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Digital photography just the steps for dummies - Jones F.

Jones F. Digital photography just the steps for dummies - Wiley publishing , 2005. - 240 p.
ISBN: 0-7645-7477-9
Download (direct link): digitalphotographyjust2005.pdf
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• Make sure that you have balanced coverage. For example, shoot things that you like and contrast them with things you don't.
• Start at the beginning. Tell the whole story, don't just focus on one aspect of it.
3. Shoot mini-movie clips if you plan to make a Web site or digital album. This movie can spice up your presentation. If you plan to shoot this way, remember that movie clips take more memory.
4. Shoot everything. One of the beauties of digital photography is the ability to shoot and shoot and shoot.
Figure 16-5: Take photos of local faces
1—1 X
Figure 16-6: Part of a doorway collection
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Include People and Pets in Your Photos
Use People... Example
For scale The Eiffel tower is much more impressive if you have at least one shot with people featured. It provides a scale reference for the viewer.
For cultural context If you're in India, include shots of the people to set the location within a cultural setting. Photos of fascinating architecture are good, but photos of streets and buildings that include crowds going to work tells the additional story about living conditions in the area.
To show relationships Some of the most memorable moments of a vacation are the conversations with strangers in restaurants, hotels, or trains. They may be local or fellow travelers, or pets as shown in Figure 16-7. Be sure to include them in some of your shots. "‘"„"'cameras, you can record brief audio clips of these new friends talking. Include the clips in Web and digital albums.
To record events Try to catch your fellow travelers doing something, as shown in Figure 16-8, or talking to someone. If you must pose them, try for humor instead of boring smile shots.
Try to include families and people of all ages. Shots of people in local costume are terrific.
Include People and Pets in Your Photos
Figure 16-7: A new friend at Golden Gate Park
Figure 16-8: Admiring a pot
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Chapter 16: Documenting Your Travels
Take Creative Travel Pictures
Creative Effect
Use alternative compositions Turn the camera on its side. Take close-ups of textures and interesting objects in a local market, as shown in Figure 16-9.
Pay attention to lighting Take pictures at dawn or dusk to increase shadowing and modeling to photos of buildings, mountains, and sculpture. Sometimes you discover that bad lighting can become good lighting, as shown in Figure 16-10. Shoot the city lights popping on at dusk.
Get off the beaten path You may find an interesting neighborhood just around the corner from a famous landmark. Be open for the unexpected and the unusual.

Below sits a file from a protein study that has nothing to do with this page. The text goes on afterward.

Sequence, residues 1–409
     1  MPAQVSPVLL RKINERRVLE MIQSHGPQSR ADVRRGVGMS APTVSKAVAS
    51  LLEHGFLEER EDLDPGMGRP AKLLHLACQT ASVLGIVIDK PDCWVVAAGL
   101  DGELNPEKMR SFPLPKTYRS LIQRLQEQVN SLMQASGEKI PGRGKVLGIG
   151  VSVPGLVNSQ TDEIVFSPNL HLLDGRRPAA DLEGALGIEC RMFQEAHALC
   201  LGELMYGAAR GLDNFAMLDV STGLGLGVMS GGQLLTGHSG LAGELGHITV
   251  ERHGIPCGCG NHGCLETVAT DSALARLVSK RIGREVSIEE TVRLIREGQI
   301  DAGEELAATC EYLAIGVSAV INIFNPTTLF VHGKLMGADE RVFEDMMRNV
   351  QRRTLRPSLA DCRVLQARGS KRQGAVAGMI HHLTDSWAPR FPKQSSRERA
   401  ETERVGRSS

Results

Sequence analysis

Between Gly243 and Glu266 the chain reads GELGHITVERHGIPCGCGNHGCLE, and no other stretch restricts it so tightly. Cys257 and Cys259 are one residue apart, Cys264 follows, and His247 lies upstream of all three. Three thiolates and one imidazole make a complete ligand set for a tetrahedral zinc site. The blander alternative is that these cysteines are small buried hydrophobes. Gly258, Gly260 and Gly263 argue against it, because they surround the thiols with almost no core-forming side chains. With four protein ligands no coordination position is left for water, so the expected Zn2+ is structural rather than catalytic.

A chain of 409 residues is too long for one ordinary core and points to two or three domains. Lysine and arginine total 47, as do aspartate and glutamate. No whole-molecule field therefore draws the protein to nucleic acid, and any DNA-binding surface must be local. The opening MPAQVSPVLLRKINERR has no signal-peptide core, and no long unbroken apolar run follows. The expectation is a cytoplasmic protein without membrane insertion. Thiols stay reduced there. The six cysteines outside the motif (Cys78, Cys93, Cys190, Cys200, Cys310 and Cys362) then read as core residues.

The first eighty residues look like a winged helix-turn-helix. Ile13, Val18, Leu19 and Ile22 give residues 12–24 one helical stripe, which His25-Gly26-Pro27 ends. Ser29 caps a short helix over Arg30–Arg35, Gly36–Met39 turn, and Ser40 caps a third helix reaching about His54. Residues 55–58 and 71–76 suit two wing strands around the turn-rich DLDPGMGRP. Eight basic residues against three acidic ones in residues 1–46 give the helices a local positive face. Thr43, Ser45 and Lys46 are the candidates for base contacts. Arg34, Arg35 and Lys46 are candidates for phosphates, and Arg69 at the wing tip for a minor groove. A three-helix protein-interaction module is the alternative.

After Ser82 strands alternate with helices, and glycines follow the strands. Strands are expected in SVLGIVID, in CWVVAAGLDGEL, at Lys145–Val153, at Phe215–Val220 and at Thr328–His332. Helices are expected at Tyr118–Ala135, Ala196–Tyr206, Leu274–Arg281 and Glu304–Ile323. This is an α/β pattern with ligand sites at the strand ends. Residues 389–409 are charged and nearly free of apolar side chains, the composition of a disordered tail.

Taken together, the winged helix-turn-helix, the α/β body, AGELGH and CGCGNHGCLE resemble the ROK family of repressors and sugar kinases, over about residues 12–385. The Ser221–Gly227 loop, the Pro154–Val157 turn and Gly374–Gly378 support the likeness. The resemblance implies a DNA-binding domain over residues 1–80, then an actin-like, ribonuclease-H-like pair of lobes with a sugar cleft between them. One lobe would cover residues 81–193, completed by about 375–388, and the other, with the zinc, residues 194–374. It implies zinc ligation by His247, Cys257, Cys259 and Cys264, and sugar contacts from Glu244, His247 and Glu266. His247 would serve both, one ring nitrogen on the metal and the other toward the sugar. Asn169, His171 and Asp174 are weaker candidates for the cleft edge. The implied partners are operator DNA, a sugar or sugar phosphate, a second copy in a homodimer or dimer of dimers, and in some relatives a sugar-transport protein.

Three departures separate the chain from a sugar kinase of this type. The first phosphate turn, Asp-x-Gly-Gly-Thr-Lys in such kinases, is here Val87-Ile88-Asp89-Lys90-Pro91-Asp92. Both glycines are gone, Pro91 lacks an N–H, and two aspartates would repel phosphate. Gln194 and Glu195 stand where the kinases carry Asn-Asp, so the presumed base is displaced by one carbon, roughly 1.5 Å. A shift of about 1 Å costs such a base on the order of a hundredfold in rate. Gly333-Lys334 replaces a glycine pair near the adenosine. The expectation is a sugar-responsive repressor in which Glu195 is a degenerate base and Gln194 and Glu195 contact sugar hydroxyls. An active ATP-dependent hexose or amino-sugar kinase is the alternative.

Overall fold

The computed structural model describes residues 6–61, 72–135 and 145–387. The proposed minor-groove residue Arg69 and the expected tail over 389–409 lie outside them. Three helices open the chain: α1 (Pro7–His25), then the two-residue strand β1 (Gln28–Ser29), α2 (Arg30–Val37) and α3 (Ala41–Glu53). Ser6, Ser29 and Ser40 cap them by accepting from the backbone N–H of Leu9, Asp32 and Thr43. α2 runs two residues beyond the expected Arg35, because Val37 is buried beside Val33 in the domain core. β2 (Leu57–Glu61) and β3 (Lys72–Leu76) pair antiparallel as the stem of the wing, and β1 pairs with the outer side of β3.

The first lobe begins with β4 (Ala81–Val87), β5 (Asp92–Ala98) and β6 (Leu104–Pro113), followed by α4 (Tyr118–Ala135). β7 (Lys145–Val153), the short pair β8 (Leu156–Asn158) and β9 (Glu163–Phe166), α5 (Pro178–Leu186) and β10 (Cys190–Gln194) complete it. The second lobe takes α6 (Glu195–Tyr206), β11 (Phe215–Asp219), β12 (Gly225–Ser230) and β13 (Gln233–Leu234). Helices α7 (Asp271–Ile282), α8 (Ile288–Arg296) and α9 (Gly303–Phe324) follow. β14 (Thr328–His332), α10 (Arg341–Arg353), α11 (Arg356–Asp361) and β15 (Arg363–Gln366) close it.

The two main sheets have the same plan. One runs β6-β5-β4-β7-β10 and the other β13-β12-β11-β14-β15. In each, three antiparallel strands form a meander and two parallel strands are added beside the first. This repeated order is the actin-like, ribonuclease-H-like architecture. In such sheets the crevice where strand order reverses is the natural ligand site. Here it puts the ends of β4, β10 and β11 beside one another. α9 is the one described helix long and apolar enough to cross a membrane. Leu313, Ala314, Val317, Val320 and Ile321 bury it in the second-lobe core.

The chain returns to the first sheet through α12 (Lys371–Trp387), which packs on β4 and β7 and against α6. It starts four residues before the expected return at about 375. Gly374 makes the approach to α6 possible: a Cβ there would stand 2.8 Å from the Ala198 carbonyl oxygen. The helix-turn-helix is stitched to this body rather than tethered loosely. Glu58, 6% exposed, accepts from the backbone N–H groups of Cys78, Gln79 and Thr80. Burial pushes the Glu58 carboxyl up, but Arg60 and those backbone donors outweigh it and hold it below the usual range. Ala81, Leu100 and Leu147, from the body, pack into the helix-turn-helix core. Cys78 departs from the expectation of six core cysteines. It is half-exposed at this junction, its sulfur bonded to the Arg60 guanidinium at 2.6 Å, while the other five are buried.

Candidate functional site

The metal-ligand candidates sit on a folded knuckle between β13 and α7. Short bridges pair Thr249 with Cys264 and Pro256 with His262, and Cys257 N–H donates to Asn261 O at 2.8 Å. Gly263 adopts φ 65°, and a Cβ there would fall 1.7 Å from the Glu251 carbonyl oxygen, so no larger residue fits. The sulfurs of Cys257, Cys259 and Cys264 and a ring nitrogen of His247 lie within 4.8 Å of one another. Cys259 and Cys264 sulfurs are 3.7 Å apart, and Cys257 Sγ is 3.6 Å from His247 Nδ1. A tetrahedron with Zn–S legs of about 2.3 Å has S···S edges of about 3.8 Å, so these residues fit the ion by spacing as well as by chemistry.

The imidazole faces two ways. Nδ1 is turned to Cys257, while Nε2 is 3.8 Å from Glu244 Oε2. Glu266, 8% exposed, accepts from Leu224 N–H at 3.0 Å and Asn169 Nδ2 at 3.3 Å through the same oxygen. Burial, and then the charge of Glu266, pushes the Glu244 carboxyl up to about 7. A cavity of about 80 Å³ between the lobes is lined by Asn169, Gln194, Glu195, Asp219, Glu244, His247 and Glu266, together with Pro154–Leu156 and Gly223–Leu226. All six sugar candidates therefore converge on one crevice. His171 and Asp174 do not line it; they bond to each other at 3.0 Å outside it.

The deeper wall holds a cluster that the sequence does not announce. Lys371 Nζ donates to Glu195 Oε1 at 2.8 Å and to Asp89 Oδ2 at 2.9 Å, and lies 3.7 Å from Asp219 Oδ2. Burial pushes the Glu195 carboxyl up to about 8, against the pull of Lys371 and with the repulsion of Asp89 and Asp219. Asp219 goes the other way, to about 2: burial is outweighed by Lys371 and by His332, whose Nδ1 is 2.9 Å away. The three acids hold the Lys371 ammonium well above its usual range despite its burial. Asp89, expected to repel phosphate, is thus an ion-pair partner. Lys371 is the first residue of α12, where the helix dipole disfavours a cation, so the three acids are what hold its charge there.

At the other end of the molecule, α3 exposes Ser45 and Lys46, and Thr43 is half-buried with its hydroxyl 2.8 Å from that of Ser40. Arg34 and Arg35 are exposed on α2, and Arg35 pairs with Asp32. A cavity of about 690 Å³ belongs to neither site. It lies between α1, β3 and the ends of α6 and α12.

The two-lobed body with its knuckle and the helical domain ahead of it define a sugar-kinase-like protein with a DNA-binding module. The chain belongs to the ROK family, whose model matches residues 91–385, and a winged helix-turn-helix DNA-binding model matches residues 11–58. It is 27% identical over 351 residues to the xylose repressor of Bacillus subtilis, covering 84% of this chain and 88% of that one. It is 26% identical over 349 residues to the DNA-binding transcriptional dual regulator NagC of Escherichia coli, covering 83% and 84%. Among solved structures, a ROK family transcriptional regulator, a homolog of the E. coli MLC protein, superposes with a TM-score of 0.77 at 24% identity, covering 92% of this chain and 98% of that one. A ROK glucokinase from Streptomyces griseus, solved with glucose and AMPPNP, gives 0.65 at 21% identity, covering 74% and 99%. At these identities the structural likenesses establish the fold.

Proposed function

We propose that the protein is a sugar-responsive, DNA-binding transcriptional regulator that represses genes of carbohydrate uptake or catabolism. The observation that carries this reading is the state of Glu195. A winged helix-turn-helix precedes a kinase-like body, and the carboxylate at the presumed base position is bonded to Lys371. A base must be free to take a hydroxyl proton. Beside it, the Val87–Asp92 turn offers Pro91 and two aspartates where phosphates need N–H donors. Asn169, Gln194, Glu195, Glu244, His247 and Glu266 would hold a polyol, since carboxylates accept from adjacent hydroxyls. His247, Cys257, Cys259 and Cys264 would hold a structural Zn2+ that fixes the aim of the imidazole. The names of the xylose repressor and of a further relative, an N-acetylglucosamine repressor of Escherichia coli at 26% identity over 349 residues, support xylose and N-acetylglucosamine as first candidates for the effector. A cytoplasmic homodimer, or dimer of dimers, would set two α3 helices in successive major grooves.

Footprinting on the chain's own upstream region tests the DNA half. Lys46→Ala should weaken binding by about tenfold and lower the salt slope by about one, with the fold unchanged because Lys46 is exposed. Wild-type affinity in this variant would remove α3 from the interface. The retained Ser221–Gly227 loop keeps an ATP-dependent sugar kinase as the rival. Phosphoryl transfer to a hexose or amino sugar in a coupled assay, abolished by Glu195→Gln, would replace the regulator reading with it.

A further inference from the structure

Shoot panoramas of landscapes Panoramas require a steady tripod and a bit of patience. Review the technical requirements for panoramas before shooting.
Take advantage of surprises Funny road signs (anyone remember Burma Shave?). Roadside "tourist traps" with alligators and snakes. An absence of gravity. The world's largest ball of twine.
Keep a journal of your trip to record the context of the photos, keep the names of new friends, a poem or two about the beautiful sunset or the crowded subway train. Collect postcards, maps, menus, and other items of interest. You can scan these items when you get home and add them to the digital album or just paste them into your scrapbook along with the photos. Incorporate any or all of these items into a multimedia album or a scrapbook of your trip.
Figure 16-9: A gaggle of wooden geese
Figure 16-10: Dramatic found lighting
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Edit Photos on the Road
Edit Photos on the Road
1. If you don't have a laptop computer with your favorite image-editing software on it, go to a digital photo kiosk within the city you're visiting, as shown in Figure 16-11.
_^ Many national chain stores, including Wal-Mart and Target, now !\\ have digital photo kiosks available across the United States.
2. Insert your memory card into the kiosk. The digital photos download into the kiosk (they remain on your card until you delete them).
3. Edit the photos on the kiosk, as shown in Figure 16-12. Most kiosks provide a wide range of editing facilities, including
• Color correction
• Brightness and contrast correction
• Cropping
• Saving for the Web
4. Order prints for the photos you want. You can also order a CD that you can then take to a public-access computer for e-mailing or posting photos online.
# Downloading your images to a CD at a photo kiosk is another good and inexpensive way to clear your memory card for more photos.
You don't need to make prints at the kiosk; you can choose only to burn a CD of your photos.
Figure 16-H: A photo kiosk
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Figure 16-12: Editing a photo at a kiosk
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